15 Legal Stud. F. 407 (1991)
Why People Obey the Law

handle is hein.journals/lstf15 and id is 417 raw text is: BOOK REVIEWS

Why People Obey the Law
by Tom R. Tyler
Yale University Press 1990, 273 and vii pp.
In a heterogeneous and legalistic society such as ours, compliance with
law is the glue that sticks us together. No matter how clearly drafted a legal
standard might be, and no matter how intellectually sound or logical its tenets,
if the people do not see fit to obey it, then it may not be law at all, but
merely empty pronouncement. It perhaps goes without saying that most of us
in this culture obey most laws. But why? Is it because we fear punishment?
Is it because we believe that the police and the courts are usually fair? And is
our conception of fairness based more on outcome - whether we win or lose
- or on our perception of having been treated with dignity?
These questions and others are raised at the outset in Tom R. Tyler's
new book, Why People Obey the Law, and the answers that unfold in the next
170 pages are sometimes surprising. Tyler, a psychology professor at North-
western University and a research fellow of the American Bar Foundation (and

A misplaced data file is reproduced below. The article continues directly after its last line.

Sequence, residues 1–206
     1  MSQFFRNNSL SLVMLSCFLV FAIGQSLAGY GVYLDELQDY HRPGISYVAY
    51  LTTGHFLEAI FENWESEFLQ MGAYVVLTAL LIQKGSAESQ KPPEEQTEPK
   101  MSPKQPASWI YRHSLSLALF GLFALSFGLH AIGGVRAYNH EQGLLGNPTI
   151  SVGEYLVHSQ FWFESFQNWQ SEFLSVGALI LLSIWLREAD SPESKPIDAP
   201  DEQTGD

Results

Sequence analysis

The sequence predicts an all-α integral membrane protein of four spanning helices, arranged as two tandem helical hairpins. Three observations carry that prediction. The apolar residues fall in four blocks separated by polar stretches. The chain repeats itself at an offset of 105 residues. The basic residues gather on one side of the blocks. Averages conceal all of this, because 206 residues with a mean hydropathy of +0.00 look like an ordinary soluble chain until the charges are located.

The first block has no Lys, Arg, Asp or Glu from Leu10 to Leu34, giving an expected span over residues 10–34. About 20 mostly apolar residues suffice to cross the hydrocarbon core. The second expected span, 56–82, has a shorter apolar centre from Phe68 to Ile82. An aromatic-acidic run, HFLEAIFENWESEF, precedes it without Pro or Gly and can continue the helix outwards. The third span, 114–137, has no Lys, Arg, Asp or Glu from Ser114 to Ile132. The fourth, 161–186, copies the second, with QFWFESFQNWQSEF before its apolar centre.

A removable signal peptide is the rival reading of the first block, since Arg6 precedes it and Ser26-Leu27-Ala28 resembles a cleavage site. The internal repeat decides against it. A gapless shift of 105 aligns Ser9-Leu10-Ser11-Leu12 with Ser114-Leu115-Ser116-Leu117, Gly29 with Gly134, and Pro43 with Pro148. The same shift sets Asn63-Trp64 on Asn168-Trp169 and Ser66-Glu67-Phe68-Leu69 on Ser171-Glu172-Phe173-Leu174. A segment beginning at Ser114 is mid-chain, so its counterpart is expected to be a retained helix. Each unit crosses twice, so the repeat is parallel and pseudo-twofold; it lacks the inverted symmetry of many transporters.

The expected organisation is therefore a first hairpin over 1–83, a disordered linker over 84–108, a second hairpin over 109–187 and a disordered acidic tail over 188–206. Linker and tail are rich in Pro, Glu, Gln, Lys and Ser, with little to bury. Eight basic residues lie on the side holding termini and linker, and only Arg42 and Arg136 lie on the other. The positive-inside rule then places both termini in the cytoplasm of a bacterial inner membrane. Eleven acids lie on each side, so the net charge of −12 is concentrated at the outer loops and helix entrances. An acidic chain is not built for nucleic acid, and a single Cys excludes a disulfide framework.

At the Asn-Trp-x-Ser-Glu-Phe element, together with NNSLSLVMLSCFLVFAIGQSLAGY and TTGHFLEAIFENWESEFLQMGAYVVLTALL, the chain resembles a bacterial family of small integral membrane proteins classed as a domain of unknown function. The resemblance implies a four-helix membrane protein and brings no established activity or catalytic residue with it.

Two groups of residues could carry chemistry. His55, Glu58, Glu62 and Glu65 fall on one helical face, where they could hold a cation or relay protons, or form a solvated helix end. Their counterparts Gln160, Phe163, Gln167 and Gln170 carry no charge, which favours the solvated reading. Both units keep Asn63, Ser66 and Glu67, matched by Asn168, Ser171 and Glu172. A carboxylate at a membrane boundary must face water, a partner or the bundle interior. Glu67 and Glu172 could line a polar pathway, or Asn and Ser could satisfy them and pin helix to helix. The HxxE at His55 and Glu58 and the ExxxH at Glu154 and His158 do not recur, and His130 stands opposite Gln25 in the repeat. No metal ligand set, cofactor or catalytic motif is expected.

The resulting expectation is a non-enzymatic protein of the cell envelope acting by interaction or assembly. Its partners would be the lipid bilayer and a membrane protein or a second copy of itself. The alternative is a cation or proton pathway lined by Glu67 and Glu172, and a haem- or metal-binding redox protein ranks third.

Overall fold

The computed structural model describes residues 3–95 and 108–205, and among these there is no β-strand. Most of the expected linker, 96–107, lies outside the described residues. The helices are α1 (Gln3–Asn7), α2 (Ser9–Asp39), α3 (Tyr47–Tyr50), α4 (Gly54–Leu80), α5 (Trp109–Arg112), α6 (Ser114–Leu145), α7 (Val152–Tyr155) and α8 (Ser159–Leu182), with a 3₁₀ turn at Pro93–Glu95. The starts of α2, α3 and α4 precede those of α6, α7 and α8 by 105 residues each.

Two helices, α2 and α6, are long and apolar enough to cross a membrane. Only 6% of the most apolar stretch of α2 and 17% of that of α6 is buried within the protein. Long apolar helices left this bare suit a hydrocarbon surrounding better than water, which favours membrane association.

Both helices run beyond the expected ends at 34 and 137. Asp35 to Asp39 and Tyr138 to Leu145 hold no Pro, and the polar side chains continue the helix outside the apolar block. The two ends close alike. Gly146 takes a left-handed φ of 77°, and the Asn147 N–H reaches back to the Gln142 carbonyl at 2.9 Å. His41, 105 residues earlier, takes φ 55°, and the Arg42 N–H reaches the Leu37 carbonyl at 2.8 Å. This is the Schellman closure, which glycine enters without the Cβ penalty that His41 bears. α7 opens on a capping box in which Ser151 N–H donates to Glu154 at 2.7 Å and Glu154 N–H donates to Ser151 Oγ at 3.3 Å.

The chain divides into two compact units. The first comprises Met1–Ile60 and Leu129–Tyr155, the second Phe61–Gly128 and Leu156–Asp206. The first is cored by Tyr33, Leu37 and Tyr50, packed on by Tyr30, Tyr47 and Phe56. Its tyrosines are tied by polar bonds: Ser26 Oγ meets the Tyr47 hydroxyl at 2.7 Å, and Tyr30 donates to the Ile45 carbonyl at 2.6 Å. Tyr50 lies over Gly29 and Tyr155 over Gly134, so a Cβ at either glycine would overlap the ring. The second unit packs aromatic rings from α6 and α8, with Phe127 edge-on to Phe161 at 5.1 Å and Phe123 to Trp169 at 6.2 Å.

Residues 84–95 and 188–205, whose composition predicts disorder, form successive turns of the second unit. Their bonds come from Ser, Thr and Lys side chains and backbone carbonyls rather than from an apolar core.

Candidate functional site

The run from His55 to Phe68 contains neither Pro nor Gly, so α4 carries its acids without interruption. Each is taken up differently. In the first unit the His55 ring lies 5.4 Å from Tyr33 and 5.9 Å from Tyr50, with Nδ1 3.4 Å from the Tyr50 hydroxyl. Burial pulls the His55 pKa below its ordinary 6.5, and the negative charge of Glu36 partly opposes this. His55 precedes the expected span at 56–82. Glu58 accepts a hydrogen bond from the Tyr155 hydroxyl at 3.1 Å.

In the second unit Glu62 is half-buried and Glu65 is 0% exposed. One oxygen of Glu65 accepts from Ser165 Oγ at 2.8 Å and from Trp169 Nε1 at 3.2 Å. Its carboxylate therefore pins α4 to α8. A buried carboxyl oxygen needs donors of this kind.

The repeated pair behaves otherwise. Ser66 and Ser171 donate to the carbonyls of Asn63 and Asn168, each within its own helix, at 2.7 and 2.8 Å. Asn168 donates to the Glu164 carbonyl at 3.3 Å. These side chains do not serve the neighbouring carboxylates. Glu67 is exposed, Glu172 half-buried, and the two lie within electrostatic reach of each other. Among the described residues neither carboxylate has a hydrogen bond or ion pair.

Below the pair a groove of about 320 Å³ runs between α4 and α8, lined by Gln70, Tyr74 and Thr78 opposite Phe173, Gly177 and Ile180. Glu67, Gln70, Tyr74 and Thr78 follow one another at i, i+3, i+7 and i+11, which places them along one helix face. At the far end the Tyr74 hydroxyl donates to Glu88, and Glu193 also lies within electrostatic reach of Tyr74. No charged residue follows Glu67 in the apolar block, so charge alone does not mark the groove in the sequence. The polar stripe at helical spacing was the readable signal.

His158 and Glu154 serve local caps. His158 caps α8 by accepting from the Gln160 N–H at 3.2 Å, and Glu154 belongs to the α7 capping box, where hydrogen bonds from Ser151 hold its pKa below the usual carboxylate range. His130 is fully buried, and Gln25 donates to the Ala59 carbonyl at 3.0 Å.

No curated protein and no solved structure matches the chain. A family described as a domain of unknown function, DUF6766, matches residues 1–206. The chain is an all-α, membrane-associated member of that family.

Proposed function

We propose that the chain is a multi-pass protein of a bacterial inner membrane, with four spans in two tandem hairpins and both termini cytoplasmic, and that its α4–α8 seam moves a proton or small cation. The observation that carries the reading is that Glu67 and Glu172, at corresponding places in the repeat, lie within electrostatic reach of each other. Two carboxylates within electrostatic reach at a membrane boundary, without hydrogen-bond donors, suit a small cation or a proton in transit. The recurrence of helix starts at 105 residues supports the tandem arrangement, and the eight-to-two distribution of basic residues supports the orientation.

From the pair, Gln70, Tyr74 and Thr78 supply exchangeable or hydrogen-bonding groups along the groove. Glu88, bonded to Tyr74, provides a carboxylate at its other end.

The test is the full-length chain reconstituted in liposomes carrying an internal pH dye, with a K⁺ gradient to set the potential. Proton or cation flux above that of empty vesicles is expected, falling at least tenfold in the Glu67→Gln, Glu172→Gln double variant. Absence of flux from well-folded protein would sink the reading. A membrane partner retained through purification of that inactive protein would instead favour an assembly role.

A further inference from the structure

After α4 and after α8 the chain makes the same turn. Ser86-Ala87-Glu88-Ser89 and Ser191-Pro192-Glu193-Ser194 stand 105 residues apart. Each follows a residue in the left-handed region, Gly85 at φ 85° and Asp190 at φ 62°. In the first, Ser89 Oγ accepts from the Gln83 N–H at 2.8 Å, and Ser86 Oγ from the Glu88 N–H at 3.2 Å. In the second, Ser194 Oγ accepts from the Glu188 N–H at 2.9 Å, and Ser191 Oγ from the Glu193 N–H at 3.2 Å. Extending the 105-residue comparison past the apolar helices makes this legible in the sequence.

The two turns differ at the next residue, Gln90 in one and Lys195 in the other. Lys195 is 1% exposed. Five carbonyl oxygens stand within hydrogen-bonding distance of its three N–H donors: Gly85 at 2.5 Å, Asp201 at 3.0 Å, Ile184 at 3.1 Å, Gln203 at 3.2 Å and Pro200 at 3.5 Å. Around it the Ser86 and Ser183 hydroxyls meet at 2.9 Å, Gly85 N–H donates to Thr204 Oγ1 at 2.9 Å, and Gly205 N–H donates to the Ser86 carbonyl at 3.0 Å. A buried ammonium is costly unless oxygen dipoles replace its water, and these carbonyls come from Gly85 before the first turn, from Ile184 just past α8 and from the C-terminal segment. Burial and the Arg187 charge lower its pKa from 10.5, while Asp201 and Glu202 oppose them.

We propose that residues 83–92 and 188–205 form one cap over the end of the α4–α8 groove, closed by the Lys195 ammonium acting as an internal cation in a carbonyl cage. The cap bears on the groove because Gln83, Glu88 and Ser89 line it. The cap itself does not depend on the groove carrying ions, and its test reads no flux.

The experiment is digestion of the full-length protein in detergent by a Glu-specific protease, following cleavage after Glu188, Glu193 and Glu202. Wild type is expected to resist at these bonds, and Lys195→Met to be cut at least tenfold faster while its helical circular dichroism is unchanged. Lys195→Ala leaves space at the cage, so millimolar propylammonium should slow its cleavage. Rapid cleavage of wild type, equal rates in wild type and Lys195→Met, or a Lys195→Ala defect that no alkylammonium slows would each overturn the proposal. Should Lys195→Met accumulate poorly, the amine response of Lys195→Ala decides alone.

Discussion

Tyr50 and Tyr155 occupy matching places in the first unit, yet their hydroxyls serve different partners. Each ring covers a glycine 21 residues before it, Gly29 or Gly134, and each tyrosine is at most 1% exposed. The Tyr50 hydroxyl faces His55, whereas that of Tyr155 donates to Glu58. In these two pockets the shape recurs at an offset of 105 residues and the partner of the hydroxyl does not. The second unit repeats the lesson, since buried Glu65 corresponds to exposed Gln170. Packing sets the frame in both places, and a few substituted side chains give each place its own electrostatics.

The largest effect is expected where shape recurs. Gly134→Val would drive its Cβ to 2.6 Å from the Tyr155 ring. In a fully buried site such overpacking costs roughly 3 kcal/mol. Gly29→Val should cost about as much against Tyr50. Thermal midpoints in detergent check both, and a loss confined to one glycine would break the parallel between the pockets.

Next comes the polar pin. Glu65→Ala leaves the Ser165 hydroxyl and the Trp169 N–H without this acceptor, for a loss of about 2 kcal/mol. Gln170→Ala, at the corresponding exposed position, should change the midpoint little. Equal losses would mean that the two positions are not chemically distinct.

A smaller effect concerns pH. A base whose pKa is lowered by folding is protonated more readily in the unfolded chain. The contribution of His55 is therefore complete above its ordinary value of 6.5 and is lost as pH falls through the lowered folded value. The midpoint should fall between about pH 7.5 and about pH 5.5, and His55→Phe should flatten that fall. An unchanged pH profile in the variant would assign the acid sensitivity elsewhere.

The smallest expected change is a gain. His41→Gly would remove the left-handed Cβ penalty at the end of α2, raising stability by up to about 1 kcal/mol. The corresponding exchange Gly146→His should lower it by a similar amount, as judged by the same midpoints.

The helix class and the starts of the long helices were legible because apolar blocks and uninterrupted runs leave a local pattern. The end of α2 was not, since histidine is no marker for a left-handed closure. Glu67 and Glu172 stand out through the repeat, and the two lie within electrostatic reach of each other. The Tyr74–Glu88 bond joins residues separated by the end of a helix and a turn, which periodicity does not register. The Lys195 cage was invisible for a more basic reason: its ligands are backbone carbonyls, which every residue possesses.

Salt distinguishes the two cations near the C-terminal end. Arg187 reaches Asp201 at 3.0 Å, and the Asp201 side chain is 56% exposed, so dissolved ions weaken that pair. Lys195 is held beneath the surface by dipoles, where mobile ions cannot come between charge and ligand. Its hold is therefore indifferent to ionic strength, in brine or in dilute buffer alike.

a remarkably prolific scholar), has with this book made an important contribu-
tion to the growing interdisciplinary literature exploring the reality of the
law's interaction with society. Tyler's book deserves wide readership among
those who care not just about what the law says but how and why it works.
The foundation for Tyler's work is an empirical study undertaken in
1984 and 1985 in which a randomly-selected sample of Chicagoans were asked
a series of questions about their experiences, attitudes and behavior concerning
the legal system. Tyler's questions focused on the natural range of citizens'
contacts with legal authorities (8) rather than merely upon trials, thus broaden-
ing the inquiry beyond citizen reaction to the courtroom process. Seven
tersely-written pages of the book are devoted to explaining his specific meth-
odology, and he helpfully provides, as a 40-page appendix, the questionnaire he
used in the first wave of his study.
On the very last page of his text, Tyler concludes that people do not
obey the law primarily because they believe that they will be punished for
disobedience; instead, they obey because they believe it is proper to do so.

Legal Studies Forum, Volume XV, Number 4 (1991)

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